Qualitative Design Chart


Quantitative and qualitative research methods are the two main forms of research designs in the scientific investigations. Qualitative research design is a form of a scientific investigation approach that allows researchers to collect primary data from participants, to produce a descriptive account about a practice or phenomenon (Baxter & Jack, 2008). Qualitative researchers have their interest in understanding the manner in which the primary research observers understand certain practices, occasions, or phenomena.

Although the qualitative research design appears in several scientific studies and learners and novice researchers interact with the practice more frequently, knowledge about its nature and its application in research is still very little (Baxter & Jack, 2008). Novice researchers fail to either comprehend the qualitative practice, or end up in recurrent confusions about its nature and application. The intent of this essay is to explore the various common techniques that are applicable in the qualitative research design and the manner in which researchers can effectively utilize these techniques.

Overview of the Forms of Qualitative Research

Qualitative research as a primary investigative approach is a strategic field activity that identifies the research observer in the real world. Since qualitative research is a pragmatic process that considers the researcher as the core driver of the process, the approach requires a series of techniques to investigate a scientific inquiry. According to Flick (2008), the framework of a qualitative research is often broad and with various methods of data collection that define the entire research practice.

Qualitative research has a continuum of different approaches that researchers use to collect data from the participants in the form of textual information, image or photo information, and audiovisual or sound information. The several forms of qualitative data range from the case study approaches, ethnographic approaches, phenomenological studies, the narrative research designs, the grounded theory approaches, and the mixed methods technique (Maxwell, 2012). Nonetheless, the focus of this qualitative design chart is on five main qualitative research designs: case studies, grounded theory research, ethnographic studies, and phenomenological studies.

Qualitative Case Study Design

Description Data Collection Procedure Data Analysis
  • Case studies are forms of qualitative research that focus on answering a research problem through investigating a single person, people with similar traits, or a single group of persons (Maxwell, 2012).
Data collection tools
  • Qualitative case studies are pragmatic in nature and involve a series of data collection techniques (Maxwell, 2012).
  • Data collection may involve the use of interview schedules, or the open-ended questionnaires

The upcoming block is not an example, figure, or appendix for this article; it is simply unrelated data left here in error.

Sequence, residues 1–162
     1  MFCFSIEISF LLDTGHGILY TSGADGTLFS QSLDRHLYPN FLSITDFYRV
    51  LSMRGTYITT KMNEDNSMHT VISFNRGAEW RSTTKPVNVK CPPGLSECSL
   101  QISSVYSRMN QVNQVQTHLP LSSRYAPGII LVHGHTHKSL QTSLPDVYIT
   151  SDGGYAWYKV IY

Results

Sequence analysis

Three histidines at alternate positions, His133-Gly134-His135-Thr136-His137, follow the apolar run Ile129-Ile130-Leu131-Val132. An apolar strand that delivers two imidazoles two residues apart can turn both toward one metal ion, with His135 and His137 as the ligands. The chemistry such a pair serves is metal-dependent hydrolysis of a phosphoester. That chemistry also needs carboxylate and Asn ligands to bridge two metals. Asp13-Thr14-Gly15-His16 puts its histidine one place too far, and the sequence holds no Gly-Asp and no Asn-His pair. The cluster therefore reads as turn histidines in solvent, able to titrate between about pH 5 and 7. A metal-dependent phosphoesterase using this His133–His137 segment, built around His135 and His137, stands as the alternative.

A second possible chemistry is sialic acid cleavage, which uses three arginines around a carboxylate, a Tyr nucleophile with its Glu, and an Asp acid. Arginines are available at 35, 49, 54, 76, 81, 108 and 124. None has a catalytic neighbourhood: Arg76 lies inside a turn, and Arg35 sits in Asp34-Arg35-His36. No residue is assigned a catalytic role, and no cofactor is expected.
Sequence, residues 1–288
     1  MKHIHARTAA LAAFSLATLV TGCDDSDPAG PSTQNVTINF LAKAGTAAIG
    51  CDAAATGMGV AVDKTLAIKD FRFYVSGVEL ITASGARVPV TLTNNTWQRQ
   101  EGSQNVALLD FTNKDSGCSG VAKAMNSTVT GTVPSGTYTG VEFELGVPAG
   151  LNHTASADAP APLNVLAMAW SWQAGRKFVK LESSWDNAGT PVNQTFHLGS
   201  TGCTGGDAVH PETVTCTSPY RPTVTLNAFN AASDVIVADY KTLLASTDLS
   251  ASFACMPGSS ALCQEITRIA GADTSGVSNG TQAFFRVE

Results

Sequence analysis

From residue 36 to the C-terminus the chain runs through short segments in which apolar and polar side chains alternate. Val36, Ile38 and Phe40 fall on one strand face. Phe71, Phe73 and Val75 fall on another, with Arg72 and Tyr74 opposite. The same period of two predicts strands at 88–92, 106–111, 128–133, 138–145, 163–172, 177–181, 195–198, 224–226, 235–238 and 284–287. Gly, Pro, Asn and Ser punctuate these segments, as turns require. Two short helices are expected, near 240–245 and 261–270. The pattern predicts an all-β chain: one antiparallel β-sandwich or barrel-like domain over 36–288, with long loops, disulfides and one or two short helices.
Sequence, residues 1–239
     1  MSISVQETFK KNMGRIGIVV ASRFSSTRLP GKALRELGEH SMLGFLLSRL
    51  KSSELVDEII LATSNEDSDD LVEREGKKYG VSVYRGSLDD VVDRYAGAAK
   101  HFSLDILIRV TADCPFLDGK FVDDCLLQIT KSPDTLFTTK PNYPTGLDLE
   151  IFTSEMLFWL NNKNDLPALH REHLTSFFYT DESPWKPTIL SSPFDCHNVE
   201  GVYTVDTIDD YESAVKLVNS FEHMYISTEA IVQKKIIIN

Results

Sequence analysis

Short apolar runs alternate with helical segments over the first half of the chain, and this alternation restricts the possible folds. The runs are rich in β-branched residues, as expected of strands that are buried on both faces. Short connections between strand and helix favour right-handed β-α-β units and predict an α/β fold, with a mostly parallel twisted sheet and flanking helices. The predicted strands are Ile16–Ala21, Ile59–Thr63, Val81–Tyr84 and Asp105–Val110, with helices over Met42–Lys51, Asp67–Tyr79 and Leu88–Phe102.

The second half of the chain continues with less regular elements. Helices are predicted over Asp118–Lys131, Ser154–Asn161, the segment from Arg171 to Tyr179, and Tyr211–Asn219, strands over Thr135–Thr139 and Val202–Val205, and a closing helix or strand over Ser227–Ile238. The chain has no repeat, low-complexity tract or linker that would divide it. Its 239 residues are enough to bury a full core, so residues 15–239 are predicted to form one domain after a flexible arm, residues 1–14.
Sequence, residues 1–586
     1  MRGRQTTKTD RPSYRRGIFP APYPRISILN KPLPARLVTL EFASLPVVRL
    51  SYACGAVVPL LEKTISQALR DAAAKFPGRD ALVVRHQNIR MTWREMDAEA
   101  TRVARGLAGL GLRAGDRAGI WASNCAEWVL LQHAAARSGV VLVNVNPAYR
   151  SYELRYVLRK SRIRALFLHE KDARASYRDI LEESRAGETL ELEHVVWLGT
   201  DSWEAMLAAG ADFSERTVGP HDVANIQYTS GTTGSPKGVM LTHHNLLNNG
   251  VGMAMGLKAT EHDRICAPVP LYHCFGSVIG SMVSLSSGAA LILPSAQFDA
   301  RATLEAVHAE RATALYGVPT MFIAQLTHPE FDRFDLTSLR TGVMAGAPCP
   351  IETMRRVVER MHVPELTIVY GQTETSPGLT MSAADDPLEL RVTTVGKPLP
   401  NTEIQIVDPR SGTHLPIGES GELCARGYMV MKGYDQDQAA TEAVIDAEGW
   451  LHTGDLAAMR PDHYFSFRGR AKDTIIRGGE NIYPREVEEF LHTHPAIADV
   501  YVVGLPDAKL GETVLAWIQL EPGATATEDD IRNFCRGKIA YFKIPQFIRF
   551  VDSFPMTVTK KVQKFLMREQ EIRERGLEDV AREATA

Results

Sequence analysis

Data analysis methods
  • The collected data must undergo an analysis process.
  • Data analysis may take the form of discourse or conversation analysis.
  • The aim of the case studies is to make a problem understandable from an individual context commonly referred to as a case or cases (Yin, 2011).
  • Case studies use small groups of participants to investigate a common problem and generalize the findings to other contexts or cases.
Selection of Participants
  • The researcher identifies and locates the individuals, who are relevant to the research inquiry and develops a sample of the groups.
  • Participant selection considers people or events with unique properties that are requisite to the investigation of the problem (Flick, 2008).
Data analysis process
  • The discourse analysis is a recognized approach where the researcher analysis the subunits of each case alone (Flick, 2008).
  • The analysis entails focusing on the specific structure of the arguments and analyzing the interaction between the responses produced.
Data Collection Process
  • The process entails a series of in-depth interviews that occur in tandem with the data analysis process.
  • Data collection entails gathering data from the sampled population, while considering the research ethical principles.
Results & Discussion
  • The researchers investigate the data, sort the arguments, and analyze the information (Flick, 2008).
  • The results come in the form of opinions, written texts, and documented lectures (Flick, 2008).

Grounded Theory Research

Description Data Collection Procedure Data Analysis
  • The qualitative grounded theory is a form of a scientific inquiry that uses iterative techniques to identify concepts within a certain theoretical text (Merriam, 2009).
Data collection tools
  • Grounded theory may use in-depth semi-structured interviews, direct observations, diaries, or focus groups to collect data (Yin, 2011).
  • Researchers may consider a rigorous analytic process of data collection or a simple data-coding plan.
Data analysis methods
  • Grounded theory employs an inductive thematic analysis to analyze data
  • Researchers combine inductive thematic analysis and iterative research design to analyze the data collected from texts.
  • A grounded theory approach provides researchers with an opportunity to examine the relationship between certain theories (Yin, 2011).
  • A grounded theory also aims at developing a theory from an existing data or recorded information.
Selection of Participants
  • The researcher identifies and locates the required theories that deem relevant to the research inquiry and designs a sample of the groups.
  • Grounded theory involves a purposeful selection of qualified data analysts to extract the data of a particular phenomenon.
Data analysis process
  • Data analysis of the grounded theory takes a descriptive approach where a theoretical data coding style is essential.
  • The study also employs a constant comparative analysis and a negative case analysis in sequence (Merriam, 2009).
Data Collection Process
  • The grounded approach uses inductive and analytical data collection techniques to extract data from theories.
  • Researchers systematically peruse through theories to identify the themes of discussion from the existing texts.


Results & Discussion
  • From the chosen texts, researchers undertake a systematic comparison of the texts to develop vital themes.